The book is filled with interesting details of space travel, or what space travel might someday be like if mankind starts devoting it’s energy to greater things. Bova portrays an active solar system with colonies on the Moon and miners swarming throughout the asteroid belt. There is also much of interest when the crews reach Venus and enter the planet’s atmosphere. The ships navigate the thick cloud layers with much difficulty, encountering much that they didn’t expect.

So far, the novel I’ve described sounds like it could have been written by Arthur C. Clarke, but the greatest difference between the two writers is that Bova tells a very personal human story against the backdrop of the hectic trip to Venus. Van Humphries discovers things about his brother, about his father and mother, and ultimately about himself. He confronts the fact that things are not what they seemed to be his whole life, and he finds this out while battling for survival in the planet’s extreme environment. The humanity and the science provide a stark contrast that worked for me, and increased my interest in the next volume of The Grand Tour.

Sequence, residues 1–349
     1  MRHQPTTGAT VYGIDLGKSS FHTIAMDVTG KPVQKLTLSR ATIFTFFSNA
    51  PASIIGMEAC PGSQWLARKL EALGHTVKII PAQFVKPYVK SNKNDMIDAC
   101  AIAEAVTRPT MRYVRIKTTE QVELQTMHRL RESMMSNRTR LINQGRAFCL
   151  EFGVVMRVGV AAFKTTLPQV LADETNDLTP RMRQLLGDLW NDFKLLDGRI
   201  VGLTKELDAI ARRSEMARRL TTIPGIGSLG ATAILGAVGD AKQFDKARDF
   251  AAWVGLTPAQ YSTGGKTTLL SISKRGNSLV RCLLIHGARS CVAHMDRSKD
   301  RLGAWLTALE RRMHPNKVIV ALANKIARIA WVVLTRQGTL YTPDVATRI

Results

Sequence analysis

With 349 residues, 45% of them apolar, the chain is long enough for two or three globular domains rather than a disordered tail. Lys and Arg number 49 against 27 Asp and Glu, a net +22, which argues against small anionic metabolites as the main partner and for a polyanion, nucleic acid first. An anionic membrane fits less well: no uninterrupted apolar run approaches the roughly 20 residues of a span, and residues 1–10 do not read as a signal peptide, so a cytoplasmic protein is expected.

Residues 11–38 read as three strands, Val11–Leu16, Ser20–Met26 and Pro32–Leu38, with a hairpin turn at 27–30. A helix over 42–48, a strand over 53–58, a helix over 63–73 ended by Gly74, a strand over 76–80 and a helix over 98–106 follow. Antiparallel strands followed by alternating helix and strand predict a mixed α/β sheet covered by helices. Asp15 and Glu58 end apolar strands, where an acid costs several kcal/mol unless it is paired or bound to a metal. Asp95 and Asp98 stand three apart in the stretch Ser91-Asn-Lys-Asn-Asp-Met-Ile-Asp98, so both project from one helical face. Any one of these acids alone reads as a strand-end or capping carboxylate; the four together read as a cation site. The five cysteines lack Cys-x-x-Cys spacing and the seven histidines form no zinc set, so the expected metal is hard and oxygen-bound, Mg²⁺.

Arte Johnson narrates and does a terrific job. I wouldn’t hesitate to buy another title that he narrates. I enjoyed his pace and tone, and, of course, his timing is out of this world.

Posted by Scott D. Danielson

Review of Protector By Larry Niven

Science Fiction Audiobook - Protector by Larry NivenProtector
By Larry Niven; read by Mark Sherman
5 cassettes – 7.5 hours [UNABRIDGED]